For Spectre Variant 1, we continue actively working with our ecosystem partners on mitigations, including operating system patches that have begun to roll out. We continue to believe that Variant 2 of Spectre is difficult to exploit on AMD processors. However, we are deploying CPU microcode patches that in combination with OS updates provide additional mitigation steps. Longer term, we have included changes in our future processor cores, starting with our Zen 2 design, to further address potential Spectre like exploits. We continue to collaborate closely with the industry on these vulnerabilities and are committed to protecting AMD users from these and other security threats as they arise.



    Which is a step down from the "near zero risk" rhetoric which landed them a lawsuit, but apparently still vague enough to cause confusion.


    Can these new exploits be enabled remotely?
    No. Any malware using this side channel analysis method must be running locally on the machine. Following good security practices that protect against malware in general will also help to protect against possible exploitation until updates can be applied.
    https://www.intel.com/content/www/u...side-channel-analysis-and-intel-products.html
     
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  7. D3M1G0D

    D3M1G0D Ancient Guru

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    Yeah, I'm wary of my lone Intel system (although it should have been patched by now), but have no concerns about my AMD ones. I look forward to Zen 2 but not for the Spectre protection - it was Meltdown that caused all this panic, as it was the really serious threat, and it only affected Intel processors. It was only because Intel's PR tried to conflate Meltdown with Spectre that the latter was given any sort of limelight.
     
  8. Silva

    Silva Master Guru

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    Guess I'll wait for Zen2 then, hopefully the DDR4 crisis will be over by then.
     
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  9. RzrTrek

    RzrTrek Ancient Guru

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    I heard that it usually takes 3-5 years to make these kind of changes into silicon or perhaps they got their numbers wrong?
     
    Last edited: Feb 1, 2018
  10. kruno

    kruno Master Guru

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    AMD is already pretty resilient to Spectre and have their secret sauce , memory encrypting, so i guess it probably doesn't take much of silicon change for them to implement that.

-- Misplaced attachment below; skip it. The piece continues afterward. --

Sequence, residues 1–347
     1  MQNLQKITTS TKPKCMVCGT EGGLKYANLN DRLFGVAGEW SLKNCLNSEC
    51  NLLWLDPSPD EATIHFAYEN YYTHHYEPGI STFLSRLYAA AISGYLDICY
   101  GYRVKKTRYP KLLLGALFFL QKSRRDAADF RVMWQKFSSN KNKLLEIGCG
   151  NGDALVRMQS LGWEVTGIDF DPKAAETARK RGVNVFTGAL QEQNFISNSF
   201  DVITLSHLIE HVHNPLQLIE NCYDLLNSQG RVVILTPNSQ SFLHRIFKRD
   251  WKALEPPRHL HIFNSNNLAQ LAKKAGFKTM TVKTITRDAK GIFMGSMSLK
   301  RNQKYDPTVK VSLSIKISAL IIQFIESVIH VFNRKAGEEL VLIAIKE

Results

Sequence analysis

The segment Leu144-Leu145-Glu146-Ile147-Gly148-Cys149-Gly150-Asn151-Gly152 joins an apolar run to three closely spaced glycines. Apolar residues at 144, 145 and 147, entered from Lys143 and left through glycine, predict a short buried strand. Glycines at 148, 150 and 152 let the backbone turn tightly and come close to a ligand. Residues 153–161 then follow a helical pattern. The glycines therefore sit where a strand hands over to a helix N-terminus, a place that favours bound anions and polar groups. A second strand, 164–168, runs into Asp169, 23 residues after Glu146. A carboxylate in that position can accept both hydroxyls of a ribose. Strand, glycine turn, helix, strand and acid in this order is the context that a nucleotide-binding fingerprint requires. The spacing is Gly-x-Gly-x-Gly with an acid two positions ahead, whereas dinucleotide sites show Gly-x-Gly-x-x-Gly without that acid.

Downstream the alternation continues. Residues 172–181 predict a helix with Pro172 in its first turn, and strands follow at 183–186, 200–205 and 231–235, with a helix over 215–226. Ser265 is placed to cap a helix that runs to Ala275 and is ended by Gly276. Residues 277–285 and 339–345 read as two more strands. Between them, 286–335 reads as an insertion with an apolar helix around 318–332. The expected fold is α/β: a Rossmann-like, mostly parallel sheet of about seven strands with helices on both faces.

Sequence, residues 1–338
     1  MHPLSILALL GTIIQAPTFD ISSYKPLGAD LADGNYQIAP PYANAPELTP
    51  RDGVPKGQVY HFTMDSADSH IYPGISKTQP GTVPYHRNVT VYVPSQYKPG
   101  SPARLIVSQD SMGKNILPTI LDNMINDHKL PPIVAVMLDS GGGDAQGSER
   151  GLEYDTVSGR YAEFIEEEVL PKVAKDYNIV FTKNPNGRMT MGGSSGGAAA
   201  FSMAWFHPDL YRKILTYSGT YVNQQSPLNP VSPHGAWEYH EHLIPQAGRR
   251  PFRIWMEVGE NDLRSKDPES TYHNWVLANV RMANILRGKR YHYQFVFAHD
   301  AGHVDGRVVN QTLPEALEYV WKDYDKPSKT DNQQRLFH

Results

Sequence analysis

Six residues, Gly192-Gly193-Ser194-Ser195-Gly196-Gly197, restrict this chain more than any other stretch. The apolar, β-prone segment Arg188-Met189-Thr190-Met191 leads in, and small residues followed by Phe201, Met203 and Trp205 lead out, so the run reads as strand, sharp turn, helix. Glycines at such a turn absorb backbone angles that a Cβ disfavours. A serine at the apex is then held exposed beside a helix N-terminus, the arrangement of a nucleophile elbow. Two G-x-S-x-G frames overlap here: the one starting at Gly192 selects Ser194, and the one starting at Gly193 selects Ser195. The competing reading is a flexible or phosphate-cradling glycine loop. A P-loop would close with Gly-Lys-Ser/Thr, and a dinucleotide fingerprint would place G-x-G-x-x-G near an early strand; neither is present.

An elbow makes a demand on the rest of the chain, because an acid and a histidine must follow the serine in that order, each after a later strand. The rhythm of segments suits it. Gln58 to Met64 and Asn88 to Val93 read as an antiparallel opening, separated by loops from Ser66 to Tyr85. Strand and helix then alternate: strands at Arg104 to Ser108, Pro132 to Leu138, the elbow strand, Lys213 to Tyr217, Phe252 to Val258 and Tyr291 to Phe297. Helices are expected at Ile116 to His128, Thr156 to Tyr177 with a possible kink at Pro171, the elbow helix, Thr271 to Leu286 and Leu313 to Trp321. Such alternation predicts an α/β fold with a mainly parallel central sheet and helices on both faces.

And about 3-5 years , that is usually how long it takes to develop new arch , since they don't need to develop new arch , just apply some changes to already developed arch before it gets send to FAB for manufacturing they don't need 3-5 years.What i mean by that is that changes required to be done to CPU doesn't need whole new arch just couple tweaks to existing
     

  11. ZXRaziel

    ZXRaziel Member Guru

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    Not good enough , Intel will have the fix sorted this year according to he latest update . They all knew about the problem long enough imo to have this sorted in the next release , Ryzen+ in this case .
     
  12. JamesSneed

    JamesSneed Master Guru

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    I understand the patches should have been out earlier and agree. But the folks here talking about Intel will have it fixed sooner or all the IF this IF that are not really on point. Intel has committed to fixing these vulnerabilities in Ice Lake which at best is end of 2018 not much sooner than AMD should have Zen 2. Intel also has the most exposure to the variants. The other thing on all the If this if that patches micro code etc the only other option is to buy a new CPU with the fixes. I just don't understand all the hate as AMD is the least impacted CPU vendor of the bunch because they focused on security with the Zen design and they will only be shortly behind Intel with new CPU's that have the fixes in the silicon.